Today we’re winding up our soil science experiment by seeing how much water remains in the root zone mix (and thus, available for plants to use) after a rainstorm. We’ll also add another five inches of water to the system to compare how quickly it drains into the wet soil versus how quickly it drained into the dry soil.
But first, we’re stymied by captive air–because we’re conducting the experiment in a test tube and not in nature, we’ve got some trapped air that’s preventing the soil from draining. So…out comes the drill!
A couple days later, we check in again and see how the air has returned to the pore space previously occupied by water.
After a third rainstorm, the ground is pretty well-hydrated. Does this make the latest rain drain faster or slower?
Phil wraps up the demonstration with some thoughts about why severe thunderstorms that come after a week of dry weather do nothing to help our plants and lawns. He also discusses how these soil profiles were selected for Schenley Plaza and Mellon Park.
Thanks for watching! We hope to have more science-themed demonstrations in the future. If there’s ever something about the parks you’re curious about, drop us a comment and we’ll try to answer your questions!
Yesterday’s post showed you an example of how our Management and Maintenance team constructs a soil profile for highly-trafficked areas in the parks. Part of the advantage of this kind of soil structure is that it helps to infiltrate water more effectively than some of the existing soil structures in the parks. And better water infiltration leads to reductions in things like erosion, water runoff, and water that reaches the city’s combined sewer system. Plus, the deeper the water is able to infiltrate, the more groundwater recharge will take place.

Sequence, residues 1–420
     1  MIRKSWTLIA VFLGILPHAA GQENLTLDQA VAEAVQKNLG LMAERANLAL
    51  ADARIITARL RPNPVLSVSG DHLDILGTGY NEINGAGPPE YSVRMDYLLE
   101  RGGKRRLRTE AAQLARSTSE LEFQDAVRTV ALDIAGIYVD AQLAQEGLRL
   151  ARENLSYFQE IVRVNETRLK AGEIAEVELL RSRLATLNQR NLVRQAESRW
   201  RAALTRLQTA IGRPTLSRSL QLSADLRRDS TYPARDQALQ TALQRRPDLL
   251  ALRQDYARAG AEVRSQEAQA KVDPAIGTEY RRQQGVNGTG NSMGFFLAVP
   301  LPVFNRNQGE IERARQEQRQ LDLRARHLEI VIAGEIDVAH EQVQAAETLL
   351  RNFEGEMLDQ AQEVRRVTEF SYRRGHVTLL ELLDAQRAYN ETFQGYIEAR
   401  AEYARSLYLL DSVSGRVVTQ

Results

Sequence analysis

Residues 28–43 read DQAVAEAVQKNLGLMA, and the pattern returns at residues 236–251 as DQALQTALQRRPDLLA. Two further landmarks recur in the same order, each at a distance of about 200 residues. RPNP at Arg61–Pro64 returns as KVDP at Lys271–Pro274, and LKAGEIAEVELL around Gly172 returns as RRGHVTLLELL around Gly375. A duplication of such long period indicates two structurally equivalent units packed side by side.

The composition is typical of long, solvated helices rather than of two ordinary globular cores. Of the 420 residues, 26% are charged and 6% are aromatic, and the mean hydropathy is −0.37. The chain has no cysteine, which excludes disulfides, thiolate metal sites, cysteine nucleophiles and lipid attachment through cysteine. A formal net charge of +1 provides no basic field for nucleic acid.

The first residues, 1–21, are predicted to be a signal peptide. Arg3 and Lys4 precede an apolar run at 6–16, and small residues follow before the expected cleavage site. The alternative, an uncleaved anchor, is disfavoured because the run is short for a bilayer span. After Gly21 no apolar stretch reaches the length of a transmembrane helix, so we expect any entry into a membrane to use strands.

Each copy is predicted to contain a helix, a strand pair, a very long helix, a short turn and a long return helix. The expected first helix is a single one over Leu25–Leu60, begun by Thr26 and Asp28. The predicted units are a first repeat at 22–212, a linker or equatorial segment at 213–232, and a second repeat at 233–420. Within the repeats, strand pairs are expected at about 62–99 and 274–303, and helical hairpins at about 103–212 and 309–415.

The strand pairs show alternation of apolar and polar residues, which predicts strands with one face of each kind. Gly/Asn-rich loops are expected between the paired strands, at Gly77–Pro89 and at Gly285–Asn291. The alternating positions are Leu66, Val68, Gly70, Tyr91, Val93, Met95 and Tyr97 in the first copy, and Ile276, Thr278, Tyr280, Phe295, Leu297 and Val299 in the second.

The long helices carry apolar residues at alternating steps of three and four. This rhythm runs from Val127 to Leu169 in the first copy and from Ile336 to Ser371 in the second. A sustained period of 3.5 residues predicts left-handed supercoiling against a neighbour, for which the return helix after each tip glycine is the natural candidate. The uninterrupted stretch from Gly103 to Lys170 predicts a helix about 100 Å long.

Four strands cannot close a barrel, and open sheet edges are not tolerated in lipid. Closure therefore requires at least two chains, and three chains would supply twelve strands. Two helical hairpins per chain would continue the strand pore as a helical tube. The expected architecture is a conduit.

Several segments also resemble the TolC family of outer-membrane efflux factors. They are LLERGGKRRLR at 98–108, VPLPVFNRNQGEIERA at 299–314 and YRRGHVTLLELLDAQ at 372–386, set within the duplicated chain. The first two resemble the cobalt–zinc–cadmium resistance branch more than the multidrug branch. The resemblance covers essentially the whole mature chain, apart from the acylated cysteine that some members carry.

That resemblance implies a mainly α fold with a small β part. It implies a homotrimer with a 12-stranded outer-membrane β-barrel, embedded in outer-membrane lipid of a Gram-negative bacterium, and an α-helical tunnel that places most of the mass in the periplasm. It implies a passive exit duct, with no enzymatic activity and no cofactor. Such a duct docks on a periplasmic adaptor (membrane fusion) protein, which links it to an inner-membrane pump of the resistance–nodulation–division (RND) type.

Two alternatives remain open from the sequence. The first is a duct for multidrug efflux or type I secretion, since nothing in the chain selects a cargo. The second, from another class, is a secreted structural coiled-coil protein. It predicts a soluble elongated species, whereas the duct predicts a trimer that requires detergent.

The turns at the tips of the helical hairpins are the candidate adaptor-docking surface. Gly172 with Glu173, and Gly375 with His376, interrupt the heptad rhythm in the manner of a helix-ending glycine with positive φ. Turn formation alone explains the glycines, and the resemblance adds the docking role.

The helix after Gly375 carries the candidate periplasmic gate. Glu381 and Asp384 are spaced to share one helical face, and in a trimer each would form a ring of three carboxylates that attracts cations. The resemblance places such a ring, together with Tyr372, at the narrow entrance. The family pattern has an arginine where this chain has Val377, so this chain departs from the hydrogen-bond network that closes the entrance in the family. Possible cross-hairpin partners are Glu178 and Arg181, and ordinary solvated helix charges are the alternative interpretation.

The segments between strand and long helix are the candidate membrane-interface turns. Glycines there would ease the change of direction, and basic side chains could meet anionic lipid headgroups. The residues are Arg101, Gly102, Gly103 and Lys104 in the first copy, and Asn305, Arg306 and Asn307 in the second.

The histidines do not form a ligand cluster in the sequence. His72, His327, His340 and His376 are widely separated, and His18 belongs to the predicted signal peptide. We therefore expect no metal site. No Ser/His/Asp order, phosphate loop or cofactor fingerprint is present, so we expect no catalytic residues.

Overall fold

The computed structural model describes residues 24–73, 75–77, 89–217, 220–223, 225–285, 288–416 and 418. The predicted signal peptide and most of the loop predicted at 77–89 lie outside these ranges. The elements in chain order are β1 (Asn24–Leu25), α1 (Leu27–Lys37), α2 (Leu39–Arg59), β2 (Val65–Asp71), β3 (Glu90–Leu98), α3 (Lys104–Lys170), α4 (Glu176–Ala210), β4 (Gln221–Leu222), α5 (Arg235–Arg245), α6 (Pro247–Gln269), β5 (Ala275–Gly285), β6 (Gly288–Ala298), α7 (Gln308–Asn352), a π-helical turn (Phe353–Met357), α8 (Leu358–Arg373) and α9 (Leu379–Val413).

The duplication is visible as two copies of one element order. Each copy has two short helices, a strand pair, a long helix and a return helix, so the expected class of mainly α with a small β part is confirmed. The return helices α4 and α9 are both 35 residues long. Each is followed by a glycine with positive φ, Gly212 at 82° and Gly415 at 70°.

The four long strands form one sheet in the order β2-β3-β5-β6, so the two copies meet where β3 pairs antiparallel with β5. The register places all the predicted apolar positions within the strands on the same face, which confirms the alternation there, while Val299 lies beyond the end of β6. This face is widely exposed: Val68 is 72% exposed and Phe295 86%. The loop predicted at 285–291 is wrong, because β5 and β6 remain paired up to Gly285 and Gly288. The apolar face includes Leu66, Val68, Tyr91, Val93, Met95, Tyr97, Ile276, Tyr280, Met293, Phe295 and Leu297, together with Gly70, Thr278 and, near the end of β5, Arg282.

Today we’ll watch over the course of an hour as we simulate a five-inch rainstorm in the test tube. We’ll see how quickly the water reaches the drainage gravel after entering a system of completely dry soil.
Five inches of rain in ten seconds–that’s a pretty big storm!
Checking in after 4 minutes:
What do all those air bubbles mean?
25 minutes later, the water begins to hit the bridging gravel – will the sandy soil on top start to drain into the gravel too?
35 minutes later, the water is making its way fully through the system:
An hour later, water begins to leave the system. How much water will remain in the root zone mix to feed the (hypothetical) plants?
Tomorrow we’ll add even more water and compare the rate of water infiltration into dry soil to how fast it infiltrates to already-moist soil. Any guesses which will go faster?
Today we’re taking you underground! Over the next few posts we’ll be looking at how specially constructed soil profiles can help to reduce the problem of storm water runoff we’ve been talking so much about lately. Our Director of Management and Maintenance, Phil Gruszka, conducted a science experiment last week to see whether the soil profile he put in place at Schenley Plaza and the Mellon Park Walled Garden really does help infiltrate water. You can watch the demonstration unfold on video, starting with the clips below.
Phil introduces the concept of the importance of soils to the appearance and functionality of the parks:
The three components of a soil profile: drainage gravel, bridging gravel, and root zone mix, and what each one does:
Replicating the soil profile at Schenley Plaza:
Using a sponge, Phil demonstrates the importance of having deep columns of topsoil to support plants and infiltrate water:
In our next post we’ll watch what happens over the course of an hour when we simulate a five-inch rainstorm.
* Thanks to Natural Sand Company in Slippery Rock for donating the materials for this demonstration!